Fall Protection/"Restrict" Selection Criteria When selecting a fall restrict system, consider the following:
- Ease of use. Lack of adjustability is the most frequent complaint from fall restraint users. Many fall protection belts require a long period to "break in" before the material is soft enough for the hardware to slide along the strap. This problem is often compounded by a secondary loss of adjustability after the material becomes softened.
- Ergonomics. Watch out for belts that require extra movements when transferring over obstructions. Taking the fall protection belt out of adjustment and having to readjust it every time it is transferred adds additional movement and time to the transfer.
- Simplicity. Fewer mechanical pieces mean contending with fewer problems and less weight.
- Function. Not all fall restricting belts are created equal. Some systems may not meet the stringent CSA-Z259.14-01 standard for this type of equipment. This certification should be a prerequisite when considering a fall restricting belt.
- Strength. Look for ANSI Z359.1-07 stamped on the connectors; such gates are rated for 3,600 pounds in every direction. This should be a consideration because these fall protection systems require multiple connections, and gate loading could become an issue if connections are inferior.
- Versatility. The newest fall restrict systems offer the ability to change the size of the exterior strap, which allows the worker to climb large-diameter transmission poles without having to purchase a separate pole climbing system. The optional transmission strap rolls up and takes up very little space for storage.1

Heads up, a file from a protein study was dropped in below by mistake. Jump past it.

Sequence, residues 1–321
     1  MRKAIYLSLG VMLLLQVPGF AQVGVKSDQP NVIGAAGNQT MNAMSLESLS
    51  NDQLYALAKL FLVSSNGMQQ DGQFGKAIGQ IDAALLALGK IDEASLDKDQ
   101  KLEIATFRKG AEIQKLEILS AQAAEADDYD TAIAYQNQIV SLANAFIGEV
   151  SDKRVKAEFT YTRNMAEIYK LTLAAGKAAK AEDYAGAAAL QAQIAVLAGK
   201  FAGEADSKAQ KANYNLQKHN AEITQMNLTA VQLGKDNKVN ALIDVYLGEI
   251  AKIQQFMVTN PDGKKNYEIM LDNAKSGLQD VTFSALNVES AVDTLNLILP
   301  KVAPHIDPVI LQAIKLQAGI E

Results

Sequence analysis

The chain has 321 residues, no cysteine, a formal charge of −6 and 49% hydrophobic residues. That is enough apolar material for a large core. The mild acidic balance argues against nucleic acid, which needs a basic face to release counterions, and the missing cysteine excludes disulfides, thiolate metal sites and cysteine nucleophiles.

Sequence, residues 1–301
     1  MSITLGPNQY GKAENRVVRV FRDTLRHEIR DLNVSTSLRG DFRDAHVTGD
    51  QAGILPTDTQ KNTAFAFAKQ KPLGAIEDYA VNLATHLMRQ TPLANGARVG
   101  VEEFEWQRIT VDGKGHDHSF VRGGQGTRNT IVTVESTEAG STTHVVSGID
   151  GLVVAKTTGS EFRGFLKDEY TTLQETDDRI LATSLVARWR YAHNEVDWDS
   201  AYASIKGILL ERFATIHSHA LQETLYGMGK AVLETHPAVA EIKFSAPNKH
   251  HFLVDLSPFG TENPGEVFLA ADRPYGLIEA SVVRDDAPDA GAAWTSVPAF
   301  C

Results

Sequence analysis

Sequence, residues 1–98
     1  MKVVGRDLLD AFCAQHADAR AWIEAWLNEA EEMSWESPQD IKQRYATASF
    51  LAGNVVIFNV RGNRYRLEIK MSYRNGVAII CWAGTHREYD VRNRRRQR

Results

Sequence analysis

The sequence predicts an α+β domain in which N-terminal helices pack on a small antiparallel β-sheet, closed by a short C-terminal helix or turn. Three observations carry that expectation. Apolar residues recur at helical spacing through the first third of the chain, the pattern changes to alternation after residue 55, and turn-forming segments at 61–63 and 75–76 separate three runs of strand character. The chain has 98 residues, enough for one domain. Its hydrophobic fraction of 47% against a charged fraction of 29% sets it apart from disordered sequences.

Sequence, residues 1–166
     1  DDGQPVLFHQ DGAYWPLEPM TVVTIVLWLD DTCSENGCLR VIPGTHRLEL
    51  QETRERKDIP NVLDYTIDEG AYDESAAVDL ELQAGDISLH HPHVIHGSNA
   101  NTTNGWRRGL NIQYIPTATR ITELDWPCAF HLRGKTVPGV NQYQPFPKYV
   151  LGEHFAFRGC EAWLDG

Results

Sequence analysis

Innovations in Fall Protection
Wood pole climbing is not only dangerous but also one of the most difficult applications in fall protection. However, thanks to recent design improvements, fall protection systems are becoming easier to use. For example, the Cynch-Lok Fall Restricting Pole Strap is a user-friendly strap, which meets stringent CSA 259.14 standards. Cynch-Lok allows you to easily hitch-hike posts (reposition, move or jump the strap upwards) with a comfortable hand position. The strap also moves past obstacles without difficulty. Exterior straps can be changed depending on the type and size of pole. Cynch-Lok’s unique design cinches around a pole in the event of a cut-out or fall.
It is the employer's responsibility to be aware of potential hazards their workers face and to ensure they are properly protected. 2 Advancements in fall protection equipment have made meeting this responsibility much easier.
Article Courtesy of Capital Safety, a leading designer and manufacturer of fall protection and rescue products including the DBI-SALA and PROTECTA brands
1,2 Source: Occupational Health & Safety (oshaonline.com), "Fall Protection for Wood Pole Climbing", by Clifford Petty, electrical utility specialist for the Americas with Capital Safety, January 1, 2011.